Changing the direction of Nurse Education: The development and implementation of the first Noncommissioned BSc (Hons) Nursing (Adult) programme in England.

Houghton, T. ORCID: 0000-0003-4978-921X (2017) Changing the direction of Nurse Education: The development and implementation of the first Noncommissioned BSc (Hons) Nursing (Adult) programme in England. PhD thesis, University of Bolton.

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Abstract

This critical commentary sets out the background to, and implementation of “The Bolton Model.” The model was developed by the researcher. The future health service will be constantly challenged, requiring a workforce built around the actual needs of the population (Willis, 2015).The ability of the NHS to deliver world class compassionate care is dependent on the quality of training and education of the healthcare workforce (DH, 2015a). ‘The Bolton Model’ of nurse education was designed, developed and implemented, so that NHS Partner Trusts could ensure the future supply of nurses to care for their service users. This innovative nursing degree programme is the first nurse education programme that is not funded by NHS commissioning bodies and has been approved by the Nursing and Midwifery Council, and the University of Bolton. “The Bolton Model” features in Willis’s 2015 report ‘Raising the bar ’as good practice, and has led, influenced, trail-blazed the national debate on non-commissioned nursing programmes in England changing the face of nurse education. In addition, it has influenced other Higher Education Institutes to also develop similar programmes. In this critical commentary the author sets out the policy and practice context for a new model of undergraduate nursing education, demonstrating that there have been decades of professional and government policies that have brought about the drive and change of nurse education which has led to ongoing challenges. A critical overview of the process used to design, develop and implement ‘The Bolton Model’ of nurse education is offered. The development of the programme utilised the principles of participatory action research, appreciative inquiry, Kotter’s (1996) 8 step change management model and theories of collaboration. A key influence in the design of ‘The Bolton Model’ was based around a number of principles from the Transition Pedagogy Handbook (Nelson et al, 2014). A personal critical reflection of the main aspects encountered throughout the journey of the innovation from initial ideas through to the current stage of the programme is presented. This includes the personal learning in relation to the project itself, reflections on the innovations of the curriculum at this point in United Kingdom nursing history, along with reflections on the responses from within the community of nurse educations providers and practitioners. The implementation of ‘The Bolton Model’ required confidence, enthusiasm, motivation, self-belief and willingness to take the risk of developing a completely new module of nurse education. In addition, it was necessary to research all aspects thoroughly, to challenge, defend and share the vision explicitly ensuring it was clearly communicated to all key stakeholders to enable the project to come to fruition and create the desired impact. Finally it is recommended that HEIs and healthcare providers need to establish effective partnerships and work in true collaboration ensuring that they are more flexible and responsive to meet local workforce needs. In addition, HEIs and healthcare providers need to have a number of innovative provisions of nurse education programmes that will enable differing entry routes into nurse education.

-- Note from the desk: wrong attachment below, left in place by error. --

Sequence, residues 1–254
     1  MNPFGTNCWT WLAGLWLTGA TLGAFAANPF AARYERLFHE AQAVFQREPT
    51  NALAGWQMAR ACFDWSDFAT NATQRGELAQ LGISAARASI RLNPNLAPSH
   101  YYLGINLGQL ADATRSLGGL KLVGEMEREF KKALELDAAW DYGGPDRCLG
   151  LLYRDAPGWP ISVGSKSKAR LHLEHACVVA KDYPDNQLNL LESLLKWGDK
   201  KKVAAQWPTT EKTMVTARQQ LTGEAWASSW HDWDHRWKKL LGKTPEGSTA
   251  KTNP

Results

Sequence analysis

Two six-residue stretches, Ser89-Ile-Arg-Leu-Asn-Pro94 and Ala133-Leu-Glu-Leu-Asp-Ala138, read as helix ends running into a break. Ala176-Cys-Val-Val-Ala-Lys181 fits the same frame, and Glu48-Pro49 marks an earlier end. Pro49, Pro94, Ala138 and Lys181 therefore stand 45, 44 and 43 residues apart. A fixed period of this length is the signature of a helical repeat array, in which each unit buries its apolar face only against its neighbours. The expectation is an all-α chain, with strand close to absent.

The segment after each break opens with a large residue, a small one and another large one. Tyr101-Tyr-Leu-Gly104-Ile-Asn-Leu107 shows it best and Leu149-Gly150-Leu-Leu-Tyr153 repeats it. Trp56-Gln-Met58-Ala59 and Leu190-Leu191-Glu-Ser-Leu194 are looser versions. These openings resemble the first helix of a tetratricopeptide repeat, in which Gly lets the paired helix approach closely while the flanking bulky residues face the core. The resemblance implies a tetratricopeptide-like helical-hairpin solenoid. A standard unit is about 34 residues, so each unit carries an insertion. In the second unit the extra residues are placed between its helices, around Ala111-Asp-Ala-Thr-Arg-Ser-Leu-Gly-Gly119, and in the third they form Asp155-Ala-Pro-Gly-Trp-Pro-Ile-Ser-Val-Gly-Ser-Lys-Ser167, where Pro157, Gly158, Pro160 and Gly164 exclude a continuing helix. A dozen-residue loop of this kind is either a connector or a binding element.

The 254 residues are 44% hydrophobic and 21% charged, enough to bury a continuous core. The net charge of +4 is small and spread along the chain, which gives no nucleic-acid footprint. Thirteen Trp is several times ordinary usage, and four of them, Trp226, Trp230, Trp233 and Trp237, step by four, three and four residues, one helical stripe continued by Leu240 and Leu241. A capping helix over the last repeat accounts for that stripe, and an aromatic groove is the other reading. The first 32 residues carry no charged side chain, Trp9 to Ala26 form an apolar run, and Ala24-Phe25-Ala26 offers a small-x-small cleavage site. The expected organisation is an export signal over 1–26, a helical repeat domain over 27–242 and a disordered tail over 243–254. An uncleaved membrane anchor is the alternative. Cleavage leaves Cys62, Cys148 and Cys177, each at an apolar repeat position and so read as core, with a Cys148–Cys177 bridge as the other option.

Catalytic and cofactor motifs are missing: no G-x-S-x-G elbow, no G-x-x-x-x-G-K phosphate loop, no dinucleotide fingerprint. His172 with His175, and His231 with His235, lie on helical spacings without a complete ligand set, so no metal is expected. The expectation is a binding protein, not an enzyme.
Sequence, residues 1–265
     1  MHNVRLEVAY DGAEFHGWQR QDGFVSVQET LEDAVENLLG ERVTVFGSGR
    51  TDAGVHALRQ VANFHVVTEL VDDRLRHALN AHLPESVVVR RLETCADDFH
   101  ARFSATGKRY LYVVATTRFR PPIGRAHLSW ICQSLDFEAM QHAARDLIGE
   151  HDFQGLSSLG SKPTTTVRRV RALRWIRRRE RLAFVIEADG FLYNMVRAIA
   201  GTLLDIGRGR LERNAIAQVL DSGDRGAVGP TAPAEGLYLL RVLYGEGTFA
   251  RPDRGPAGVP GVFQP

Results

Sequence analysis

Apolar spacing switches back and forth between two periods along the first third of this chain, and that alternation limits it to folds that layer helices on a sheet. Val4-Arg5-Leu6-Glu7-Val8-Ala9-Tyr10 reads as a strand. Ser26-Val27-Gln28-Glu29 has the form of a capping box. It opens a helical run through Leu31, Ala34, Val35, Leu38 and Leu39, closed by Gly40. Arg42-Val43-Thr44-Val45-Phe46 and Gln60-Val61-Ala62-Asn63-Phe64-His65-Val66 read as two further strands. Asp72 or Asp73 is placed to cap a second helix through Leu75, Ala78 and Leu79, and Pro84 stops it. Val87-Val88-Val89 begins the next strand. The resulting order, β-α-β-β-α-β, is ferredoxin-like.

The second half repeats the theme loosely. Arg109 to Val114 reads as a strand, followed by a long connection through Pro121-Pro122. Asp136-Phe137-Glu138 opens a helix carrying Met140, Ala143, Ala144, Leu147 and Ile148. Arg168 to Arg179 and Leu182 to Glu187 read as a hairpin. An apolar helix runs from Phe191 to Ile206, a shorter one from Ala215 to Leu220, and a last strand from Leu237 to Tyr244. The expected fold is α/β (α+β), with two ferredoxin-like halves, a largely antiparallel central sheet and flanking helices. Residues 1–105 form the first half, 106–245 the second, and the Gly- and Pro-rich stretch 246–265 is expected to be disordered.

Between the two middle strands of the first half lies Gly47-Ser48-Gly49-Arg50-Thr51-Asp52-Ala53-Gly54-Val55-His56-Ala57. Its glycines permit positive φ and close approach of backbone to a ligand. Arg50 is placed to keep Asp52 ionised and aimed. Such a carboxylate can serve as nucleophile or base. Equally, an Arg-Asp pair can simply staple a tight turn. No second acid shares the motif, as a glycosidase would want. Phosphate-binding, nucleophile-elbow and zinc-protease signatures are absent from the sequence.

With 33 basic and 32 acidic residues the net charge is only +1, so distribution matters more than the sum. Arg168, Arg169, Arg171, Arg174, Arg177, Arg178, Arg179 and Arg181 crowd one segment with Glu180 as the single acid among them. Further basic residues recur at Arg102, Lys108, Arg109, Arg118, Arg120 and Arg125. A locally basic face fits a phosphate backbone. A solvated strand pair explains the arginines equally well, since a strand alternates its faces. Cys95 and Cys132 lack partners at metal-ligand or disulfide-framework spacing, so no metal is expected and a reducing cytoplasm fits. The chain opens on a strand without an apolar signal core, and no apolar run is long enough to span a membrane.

Item Type: Thesis (PhD)
Additional Information: This is an amended electronic version of the theses submitted in partial fulfilment of the requirement for Doctor of Philosophy: Professional Practice. (Retrospective). The full text of this thesis is an amended version with the Appendices removed for permissions and copyright reasons.
Divisions: Faculty of Health and Wellbeing
University of Bolton Theses > Health and Well Being
Depositing User: Tracey Gill
Date Deposited: 30 Jan 2018 11:29
Last Modified: 24 Apr 2019 09:25
URI: http://ubir.bolton.ac.uk/id/eprint/1310

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